History remembers tyrants like Hitler, Stalin, and Mao. Their brutality is etched in the scars of the 20th century. But what of their female counterparts? While overshadowed by their male peers, history reveals a chilling truth: women, too, have wielded absolute power and, sometimes, inflicted horrific consequences.

And NO, your mother-in-law is not on the list.

Queen Ranavalona I (1778 – 1861)

Also known as Ranavalo-Manjaka I and the “Mad Monarch of Madagascar”

Rise to Power and Isolationist Policies

Queen Ranavalona I‘s rise to power was shrouded in controversy. Following the death of her husband, King Radama I, the rightful heir was Radama’s nephew, Rakotobe. However, Ranavalona I, known then as Ramavo, and her advisors concealed Radama’s death and manipulated succession traditions to secure the throne for herself. This ruthless act marked the beginning of a turbulent reign.

Queen Ranavalona I
Queen Ranavalona I with her son and heir, Prince Rakoto (Image source: Wikimedia Commons)

Ranavalona I, determined to preserve Madagascar’s independence, implemented strong isolationist policies. In 1835, she expelled European missionaries, fearing their influence and the spread of Christianity. This move effectively cut off the island from Western powers and halted modernization efforts initiated by her predecessor.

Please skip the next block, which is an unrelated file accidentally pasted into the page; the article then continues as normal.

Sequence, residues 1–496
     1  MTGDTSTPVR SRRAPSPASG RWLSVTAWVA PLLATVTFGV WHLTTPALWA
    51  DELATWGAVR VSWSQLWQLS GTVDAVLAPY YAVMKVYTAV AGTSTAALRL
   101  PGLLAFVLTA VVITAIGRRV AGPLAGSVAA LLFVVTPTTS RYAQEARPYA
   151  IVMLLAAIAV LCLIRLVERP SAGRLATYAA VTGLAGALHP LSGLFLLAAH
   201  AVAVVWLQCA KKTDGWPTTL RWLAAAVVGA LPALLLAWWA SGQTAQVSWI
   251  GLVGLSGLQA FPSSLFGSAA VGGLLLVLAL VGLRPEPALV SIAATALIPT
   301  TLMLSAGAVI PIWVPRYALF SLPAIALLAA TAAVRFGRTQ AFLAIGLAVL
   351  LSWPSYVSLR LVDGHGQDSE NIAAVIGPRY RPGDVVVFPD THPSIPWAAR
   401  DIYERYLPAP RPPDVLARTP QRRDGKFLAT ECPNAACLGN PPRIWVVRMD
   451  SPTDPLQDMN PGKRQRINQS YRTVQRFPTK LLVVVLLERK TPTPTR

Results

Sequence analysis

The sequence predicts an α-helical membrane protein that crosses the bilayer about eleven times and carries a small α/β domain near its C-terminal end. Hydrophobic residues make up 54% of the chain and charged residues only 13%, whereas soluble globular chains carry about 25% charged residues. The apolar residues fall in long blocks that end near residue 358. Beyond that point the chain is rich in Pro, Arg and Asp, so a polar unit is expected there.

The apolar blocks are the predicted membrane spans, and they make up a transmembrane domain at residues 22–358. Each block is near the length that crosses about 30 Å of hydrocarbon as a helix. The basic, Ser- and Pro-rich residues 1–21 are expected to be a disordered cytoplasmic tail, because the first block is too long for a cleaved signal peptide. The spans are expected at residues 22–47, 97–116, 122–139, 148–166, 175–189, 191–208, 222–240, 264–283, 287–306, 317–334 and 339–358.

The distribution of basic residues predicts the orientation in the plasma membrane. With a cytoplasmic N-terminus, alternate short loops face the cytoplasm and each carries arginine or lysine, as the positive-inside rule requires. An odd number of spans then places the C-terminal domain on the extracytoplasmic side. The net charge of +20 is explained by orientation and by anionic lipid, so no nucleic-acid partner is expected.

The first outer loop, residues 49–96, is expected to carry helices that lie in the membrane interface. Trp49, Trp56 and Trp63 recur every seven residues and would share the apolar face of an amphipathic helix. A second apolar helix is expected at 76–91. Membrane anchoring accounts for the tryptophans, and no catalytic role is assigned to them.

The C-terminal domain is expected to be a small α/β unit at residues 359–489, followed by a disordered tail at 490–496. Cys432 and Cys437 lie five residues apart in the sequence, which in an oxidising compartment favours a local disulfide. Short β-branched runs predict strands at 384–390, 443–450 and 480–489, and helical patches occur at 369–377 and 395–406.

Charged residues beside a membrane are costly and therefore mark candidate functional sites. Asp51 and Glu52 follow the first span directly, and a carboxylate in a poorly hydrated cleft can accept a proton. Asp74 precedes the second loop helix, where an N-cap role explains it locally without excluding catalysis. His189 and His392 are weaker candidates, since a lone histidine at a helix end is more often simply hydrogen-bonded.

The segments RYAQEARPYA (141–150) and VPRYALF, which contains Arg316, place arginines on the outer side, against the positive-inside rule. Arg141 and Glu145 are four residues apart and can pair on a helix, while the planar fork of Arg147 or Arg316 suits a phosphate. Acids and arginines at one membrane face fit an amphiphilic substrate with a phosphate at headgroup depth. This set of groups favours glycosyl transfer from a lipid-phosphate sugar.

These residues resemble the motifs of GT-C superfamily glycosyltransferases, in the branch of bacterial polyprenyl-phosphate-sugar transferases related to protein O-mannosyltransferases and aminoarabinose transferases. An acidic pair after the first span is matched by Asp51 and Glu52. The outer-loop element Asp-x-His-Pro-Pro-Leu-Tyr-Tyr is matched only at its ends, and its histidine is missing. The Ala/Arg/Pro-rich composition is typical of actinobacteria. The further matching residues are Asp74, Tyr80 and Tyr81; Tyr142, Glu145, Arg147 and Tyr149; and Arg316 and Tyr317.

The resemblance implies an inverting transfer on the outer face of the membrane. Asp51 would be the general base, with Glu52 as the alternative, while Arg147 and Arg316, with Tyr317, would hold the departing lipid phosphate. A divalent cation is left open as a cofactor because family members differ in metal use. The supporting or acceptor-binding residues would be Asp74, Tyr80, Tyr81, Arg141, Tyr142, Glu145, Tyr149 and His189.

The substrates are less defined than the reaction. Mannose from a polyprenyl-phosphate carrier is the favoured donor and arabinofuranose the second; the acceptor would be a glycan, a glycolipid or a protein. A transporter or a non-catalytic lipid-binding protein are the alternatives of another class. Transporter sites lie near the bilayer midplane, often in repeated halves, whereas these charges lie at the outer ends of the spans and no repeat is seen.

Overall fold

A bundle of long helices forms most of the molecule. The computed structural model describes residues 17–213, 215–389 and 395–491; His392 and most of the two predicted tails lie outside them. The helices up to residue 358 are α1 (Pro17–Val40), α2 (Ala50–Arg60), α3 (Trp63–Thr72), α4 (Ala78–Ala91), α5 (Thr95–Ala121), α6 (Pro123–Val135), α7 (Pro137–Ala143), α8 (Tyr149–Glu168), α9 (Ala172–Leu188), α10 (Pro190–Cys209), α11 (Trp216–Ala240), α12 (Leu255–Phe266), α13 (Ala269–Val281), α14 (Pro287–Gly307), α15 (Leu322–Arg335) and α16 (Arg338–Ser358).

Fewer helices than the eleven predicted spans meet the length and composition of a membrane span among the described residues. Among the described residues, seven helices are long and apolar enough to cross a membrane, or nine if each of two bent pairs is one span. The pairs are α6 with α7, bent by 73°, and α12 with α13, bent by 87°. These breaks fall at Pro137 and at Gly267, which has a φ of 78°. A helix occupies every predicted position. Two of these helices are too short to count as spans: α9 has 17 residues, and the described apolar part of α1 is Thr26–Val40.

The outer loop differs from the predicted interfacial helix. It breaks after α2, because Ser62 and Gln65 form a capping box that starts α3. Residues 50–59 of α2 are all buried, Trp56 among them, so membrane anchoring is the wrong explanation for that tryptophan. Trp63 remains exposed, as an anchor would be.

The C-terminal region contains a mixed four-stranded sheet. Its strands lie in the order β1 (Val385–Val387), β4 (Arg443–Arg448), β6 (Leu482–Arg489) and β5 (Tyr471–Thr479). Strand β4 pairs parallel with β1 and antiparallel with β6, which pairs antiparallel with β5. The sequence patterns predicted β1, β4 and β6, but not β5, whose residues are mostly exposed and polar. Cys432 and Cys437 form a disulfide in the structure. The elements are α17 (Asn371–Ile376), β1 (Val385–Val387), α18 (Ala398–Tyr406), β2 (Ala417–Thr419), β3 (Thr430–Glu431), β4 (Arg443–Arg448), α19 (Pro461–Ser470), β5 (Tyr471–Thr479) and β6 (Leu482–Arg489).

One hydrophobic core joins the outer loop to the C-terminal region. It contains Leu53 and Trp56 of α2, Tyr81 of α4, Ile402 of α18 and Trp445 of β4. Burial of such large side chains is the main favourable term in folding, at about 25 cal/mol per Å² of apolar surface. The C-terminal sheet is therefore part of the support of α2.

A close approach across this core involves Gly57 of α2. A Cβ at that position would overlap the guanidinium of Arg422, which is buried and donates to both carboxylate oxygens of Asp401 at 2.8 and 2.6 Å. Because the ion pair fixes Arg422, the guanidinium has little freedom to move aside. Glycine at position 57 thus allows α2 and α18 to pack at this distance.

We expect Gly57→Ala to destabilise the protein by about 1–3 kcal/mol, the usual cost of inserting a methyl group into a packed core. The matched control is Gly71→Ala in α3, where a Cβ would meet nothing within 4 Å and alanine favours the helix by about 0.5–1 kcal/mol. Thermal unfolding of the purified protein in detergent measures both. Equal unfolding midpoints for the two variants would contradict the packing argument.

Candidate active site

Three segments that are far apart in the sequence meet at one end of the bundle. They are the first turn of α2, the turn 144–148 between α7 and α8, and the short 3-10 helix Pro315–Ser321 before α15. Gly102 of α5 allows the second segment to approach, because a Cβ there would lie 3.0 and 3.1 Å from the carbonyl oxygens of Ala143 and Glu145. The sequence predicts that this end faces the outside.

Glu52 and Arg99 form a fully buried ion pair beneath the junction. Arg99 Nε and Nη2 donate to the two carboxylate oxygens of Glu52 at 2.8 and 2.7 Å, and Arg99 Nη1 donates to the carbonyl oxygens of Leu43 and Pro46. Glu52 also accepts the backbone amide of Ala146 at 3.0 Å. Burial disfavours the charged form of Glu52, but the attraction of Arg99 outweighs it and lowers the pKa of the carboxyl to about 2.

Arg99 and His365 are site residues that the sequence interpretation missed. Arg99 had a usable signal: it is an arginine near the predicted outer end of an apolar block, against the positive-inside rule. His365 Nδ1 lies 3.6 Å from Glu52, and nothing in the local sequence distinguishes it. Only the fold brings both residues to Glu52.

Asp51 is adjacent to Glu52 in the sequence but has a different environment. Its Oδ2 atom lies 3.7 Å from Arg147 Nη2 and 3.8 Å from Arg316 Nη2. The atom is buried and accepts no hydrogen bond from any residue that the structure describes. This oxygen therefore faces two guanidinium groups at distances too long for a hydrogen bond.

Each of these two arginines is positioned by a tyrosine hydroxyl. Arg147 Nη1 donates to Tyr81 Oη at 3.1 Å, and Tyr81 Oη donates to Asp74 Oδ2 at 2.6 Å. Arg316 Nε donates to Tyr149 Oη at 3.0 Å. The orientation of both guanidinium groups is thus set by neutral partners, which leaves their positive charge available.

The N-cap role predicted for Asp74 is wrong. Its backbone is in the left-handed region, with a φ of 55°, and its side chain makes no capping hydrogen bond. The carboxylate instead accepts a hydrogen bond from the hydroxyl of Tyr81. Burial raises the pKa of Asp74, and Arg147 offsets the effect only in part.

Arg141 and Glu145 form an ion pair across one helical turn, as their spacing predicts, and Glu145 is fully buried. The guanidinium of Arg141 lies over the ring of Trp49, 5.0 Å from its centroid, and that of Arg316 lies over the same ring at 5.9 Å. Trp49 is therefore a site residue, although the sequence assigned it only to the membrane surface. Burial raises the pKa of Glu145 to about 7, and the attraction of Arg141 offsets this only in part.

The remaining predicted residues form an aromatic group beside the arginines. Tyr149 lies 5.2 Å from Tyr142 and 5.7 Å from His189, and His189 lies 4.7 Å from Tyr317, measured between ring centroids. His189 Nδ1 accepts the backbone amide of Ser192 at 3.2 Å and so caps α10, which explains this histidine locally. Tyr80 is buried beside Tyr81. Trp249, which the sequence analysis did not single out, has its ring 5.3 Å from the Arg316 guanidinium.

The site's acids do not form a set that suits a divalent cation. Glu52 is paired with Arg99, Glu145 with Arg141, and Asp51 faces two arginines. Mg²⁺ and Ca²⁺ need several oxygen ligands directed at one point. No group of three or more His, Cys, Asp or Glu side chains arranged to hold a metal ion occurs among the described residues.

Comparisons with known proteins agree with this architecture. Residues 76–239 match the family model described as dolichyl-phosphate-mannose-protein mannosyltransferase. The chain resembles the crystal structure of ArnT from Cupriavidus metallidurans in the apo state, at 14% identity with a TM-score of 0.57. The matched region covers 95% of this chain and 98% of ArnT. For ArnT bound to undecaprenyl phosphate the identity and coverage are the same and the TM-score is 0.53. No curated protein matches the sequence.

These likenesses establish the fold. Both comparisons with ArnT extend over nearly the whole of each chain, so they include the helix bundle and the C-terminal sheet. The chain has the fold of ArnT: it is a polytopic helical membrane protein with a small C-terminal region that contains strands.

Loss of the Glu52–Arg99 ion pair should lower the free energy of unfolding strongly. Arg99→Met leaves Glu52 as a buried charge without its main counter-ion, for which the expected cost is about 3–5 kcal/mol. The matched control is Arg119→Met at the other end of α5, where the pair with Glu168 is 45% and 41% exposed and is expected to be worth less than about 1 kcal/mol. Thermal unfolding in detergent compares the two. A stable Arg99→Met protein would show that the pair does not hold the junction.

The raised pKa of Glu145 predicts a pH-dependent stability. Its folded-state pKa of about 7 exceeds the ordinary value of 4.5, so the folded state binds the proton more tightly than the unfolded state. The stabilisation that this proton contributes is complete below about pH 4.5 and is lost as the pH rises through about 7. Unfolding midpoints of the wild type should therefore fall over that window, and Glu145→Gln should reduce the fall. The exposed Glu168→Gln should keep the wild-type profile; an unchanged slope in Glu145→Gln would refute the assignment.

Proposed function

Harsh Rule and Devastating Consequences

Ranavalona I’s reign was characterized by harsh policies. She heavily relied on fanompoana, a system of forced labor that served as a form of taxation. This, coupled with constant warfare and brutal punishments like the trial by Tangena, a deadly poison ordeal, led to a significant decline in Madagascar’s population.

Estimates suggest the population dropped from 5 million to 2.5 million during her 33-year rule.

While Ranavalona I undoubtedly ruled with an iron fist, her motives were complex. She fiercely protected her nation’s sovereignty against European encroachment. However, her methods, including the suppression of Christianity and reliance on brutal practices, resulted in devastating consequences for Madagascar.